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>This is sort of wrong. Remember that in ruby, like java, most things
>are just pointers to objects. The only difference is Fixnums, Symbols,
>and the boolean primitives. When you assign a Fixnum, the value is
>encoded directly into the pointer. This saves everyone from having to
>have thousands of instances of the object which represents the number
>1.
>
>You want a reference object because when you assign a Fixnum as the
>element in the matrix, it gets stored directly in 2 pointers and
>therefore are unrelated.

I know that some things are stored directly in Ruby's VALUE object, but that is not the problem. The problem is that I cannot update a numeric object "in-place": a+=1 gets translated into a=a+1 and a+1 returns a NEW object and thus after executing a+=1, "a "is NOT the same object as before (it's object_id changed, it's a new object and I have todo synchronization to update the new state of "a" to all its equivalents all over the code). This is the case for Fixnum, but ALSO for Bignum and Float, which are NOT stored in VALUE directly. So the problem has nothing todo with immediates.

An Array, for instance, has some in-place update methods, like <<: a=[];p a.object_id;a<<1;p a.object_id will return two times the same object_id (the content of the object itself changed, but its reference stayed unaltered); this is nice since I don't have todo any synchronization operations if I had for example stored Arrays as the elements in my sparse matrix (instead of numbers), and updated these elements using only methods like <<, push, pop, ... (not += since that also returns a NEW object)

>To get around this, as you stated, you could make, say a Call class
>and store the call duration in an instance, and store the object the 2
>places in the Hash's (really just storing 2 references to the same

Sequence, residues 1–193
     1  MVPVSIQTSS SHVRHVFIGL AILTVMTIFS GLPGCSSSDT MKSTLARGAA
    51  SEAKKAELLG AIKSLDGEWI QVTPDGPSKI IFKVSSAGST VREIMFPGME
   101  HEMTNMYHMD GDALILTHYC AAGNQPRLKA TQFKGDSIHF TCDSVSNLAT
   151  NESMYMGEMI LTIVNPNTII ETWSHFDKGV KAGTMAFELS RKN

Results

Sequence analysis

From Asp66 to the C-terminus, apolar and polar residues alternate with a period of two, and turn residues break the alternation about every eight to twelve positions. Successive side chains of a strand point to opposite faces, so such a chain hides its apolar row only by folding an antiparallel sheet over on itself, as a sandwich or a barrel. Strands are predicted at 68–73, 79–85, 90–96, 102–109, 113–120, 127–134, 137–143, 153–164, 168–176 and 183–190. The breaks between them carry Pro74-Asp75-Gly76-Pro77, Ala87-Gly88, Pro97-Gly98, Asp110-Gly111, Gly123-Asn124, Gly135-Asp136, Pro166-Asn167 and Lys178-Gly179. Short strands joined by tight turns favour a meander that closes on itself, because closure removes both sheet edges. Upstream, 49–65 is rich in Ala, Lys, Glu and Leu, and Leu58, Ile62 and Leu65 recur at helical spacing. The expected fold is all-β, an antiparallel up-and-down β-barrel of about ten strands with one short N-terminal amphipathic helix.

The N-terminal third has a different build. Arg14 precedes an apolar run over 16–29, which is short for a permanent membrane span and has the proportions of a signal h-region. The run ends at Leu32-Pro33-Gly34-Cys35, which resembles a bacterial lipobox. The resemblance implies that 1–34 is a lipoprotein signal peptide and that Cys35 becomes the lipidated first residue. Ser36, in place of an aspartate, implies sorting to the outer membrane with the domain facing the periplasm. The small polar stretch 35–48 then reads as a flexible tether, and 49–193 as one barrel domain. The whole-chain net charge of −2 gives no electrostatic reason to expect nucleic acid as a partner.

>object). Then when you update, say, information from the row, the
>information at the column is also updated. Thats how ruby works.
>
>Your statement about Ruby not being able to handle many different
>references to the same object is blatantly incorrect. What made you
>say it?

I must have failed to make myself clear. I do NOT mean two variables cannot refer to the same object. What I meant is exactly what I described above. If I have two variables (a and b) that initially refer to the same numerical object (be it Fixnum, Float or Bignum), Ruby provides me with NO methods to modify let's say "a", so that the modification will ALSO be reflected in "b" WITHOUT me having to synchronize "b" with "a" again. Ruby looses the initial fact that "a" and "b" referred to the same object because all numeric methods return new object and no method will allow me to modify a number "in-place". (correct me if I'm wrong)

>All in all, if you believe that you MUST use Fixnums only for memory
>reasons, then, as Caleb stated, maybe you should just wrap your C
>extension. All high level languages are going to give you the same
>trouble (actually others probably even more trouble) when it comes to
>how much memory is used to store an object.